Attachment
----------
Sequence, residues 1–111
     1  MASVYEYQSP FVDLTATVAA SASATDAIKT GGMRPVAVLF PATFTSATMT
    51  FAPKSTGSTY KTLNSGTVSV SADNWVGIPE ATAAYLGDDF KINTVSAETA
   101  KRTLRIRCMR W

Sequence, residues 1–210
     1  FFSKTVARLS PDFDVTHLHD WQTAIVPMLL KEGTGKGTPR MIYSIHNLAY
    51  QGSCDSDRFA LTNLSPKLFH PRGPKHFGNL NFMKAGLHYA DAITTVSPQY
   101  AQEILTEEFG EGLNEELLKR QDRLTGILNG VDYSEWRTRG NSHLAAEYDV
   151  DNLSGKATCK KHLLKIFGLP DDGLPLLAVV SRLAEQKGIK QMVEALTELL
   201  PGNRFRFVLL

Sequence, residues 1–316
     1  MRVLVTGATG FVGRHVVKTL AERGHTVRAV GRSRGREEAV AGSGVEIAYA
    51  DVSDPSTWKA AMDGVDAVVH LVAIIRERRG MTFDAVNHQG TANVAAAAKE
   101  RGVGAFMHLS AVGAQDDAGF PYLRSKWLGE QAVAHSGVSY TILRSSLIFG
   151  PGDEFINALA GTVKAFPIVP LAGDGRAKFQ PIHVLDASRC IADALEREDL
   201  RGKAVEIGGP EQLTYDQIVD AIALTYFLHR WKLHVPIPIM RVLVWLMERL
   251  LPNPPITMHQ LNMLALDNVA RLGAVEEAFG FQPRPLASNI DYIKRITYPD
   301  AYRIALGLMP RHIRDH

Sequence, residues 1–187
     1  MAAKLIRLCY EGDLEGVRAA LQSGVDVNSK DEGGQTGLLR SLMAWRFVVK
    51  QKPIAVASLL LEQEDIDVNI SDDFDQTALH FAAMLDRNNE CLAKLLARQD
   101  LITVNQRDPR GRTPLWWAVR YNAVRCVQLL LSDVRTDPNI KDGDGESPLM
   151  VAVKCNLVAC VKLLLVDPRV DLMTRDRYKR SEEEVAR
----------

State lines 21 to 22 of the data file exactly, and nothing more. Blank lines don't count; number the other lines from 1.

    51  QKPIAVASLL LEQEDIDVNI SDDFDQTALH FAAMLDRNNE CLAKLLARQD
   101  LITVNQRDPR GRTPLWWAVR YNAVRCVQLL LSDVRTDPNI KDGDGESPLM